Wish Upon also has a thing with near misses. Often two characters will be in near-death situations simultaneously (I suppose this is the film’s acknowledgment that either by themselves would be snore-inducingly predictable). Clare’s dad, for instance, is changing a tire while another character is wandering around in the dark. Both portend death, in the dad’s case because his dad-jeans keep nudging towards the car-jack as he crawls under for a dropped bolt. The film will pick one as the death and one as the miss, hoping they had you going while they were deciding which was which. Wish Upon gets no points for subtlety but that's not the case with the music box itself – it kills people in ways that could only be described as reasonable home accidents perpetrated by conscientious unfortunate people.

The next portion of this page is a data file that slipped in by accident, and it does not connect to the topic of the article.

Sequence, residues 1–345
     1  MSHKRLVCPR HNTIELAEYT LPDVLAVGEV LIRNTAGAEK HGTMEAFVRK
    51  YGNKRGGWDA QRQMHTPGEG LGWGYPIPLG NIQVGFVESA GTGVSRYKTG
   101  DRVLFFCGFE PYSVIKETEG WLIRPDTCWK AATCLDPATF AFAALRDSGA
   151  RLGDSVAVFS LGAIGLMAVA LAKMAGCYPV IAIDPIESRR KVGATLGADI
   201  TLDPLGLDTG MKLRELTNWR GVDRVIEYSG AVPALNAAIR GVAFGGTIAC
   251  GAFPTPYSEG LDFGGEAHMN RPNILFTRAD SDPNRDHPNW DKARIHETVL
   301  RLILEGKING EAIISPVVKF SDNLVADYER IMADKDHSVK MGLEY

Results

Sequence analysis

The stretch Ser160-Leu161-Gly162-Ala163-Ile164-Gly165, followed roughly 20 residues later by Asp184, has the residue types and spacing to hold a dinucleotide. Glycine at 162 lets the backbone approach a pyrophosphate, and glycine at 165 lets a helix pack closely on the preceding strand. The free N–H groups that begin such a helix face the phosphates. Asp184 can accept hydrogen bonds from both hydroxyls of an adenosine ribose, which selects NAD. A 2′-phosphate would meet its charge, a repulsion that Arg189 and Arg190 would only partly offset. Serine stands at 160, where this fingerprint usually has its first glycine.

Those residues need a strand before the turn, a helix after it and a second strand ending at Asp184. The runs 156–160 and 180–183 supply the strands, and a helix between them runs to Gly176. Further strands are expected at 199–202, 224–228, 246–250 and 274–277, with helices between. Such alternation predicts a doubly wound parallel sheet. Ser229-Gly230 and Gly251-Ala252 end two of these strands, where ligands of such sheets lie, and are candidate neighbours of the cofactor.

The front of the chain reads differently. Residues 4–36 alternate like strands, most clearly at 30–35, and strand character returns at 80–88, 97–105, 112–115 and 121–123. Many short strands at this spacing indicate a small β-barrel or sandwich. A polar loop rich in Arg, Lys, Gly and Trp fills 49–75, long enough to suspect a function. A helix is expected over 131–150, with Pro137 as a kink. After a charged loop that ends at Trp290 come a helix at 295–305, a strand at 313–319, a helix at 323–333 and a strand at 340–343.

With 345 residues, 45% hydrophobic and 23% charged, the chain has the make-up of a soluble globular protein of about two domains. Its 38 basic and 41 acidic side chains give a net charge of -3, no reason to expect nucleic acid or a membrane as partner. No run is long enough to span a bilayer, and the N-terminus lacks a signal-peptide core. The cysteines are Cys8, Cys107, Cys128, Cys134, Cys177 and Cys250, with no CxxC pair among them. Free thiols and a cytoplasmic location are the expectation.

How does the box initiate this subtle lack of safety protocol? The garbage disposal that catches a lady’s braid and snaps her neck is working properly. She reaches in several times for a near miss and then finally accidentally bumps the “on” switch while her hand is fishing out the butt of a turnip or whatever. Does the box possess cosmic causality influence, to make people trip into pointy objects and kill themselves with kitchen appliances? Clare and her Chinese plot device (Ki Hong Lee) talk about the multiverse at several points, portending the film’s pretentious ending. This implies that the object has great power, but it establishes no rules or limitations. Clare may be dumb, but worse is the fact that the film offers her nothing to be outsmarted by.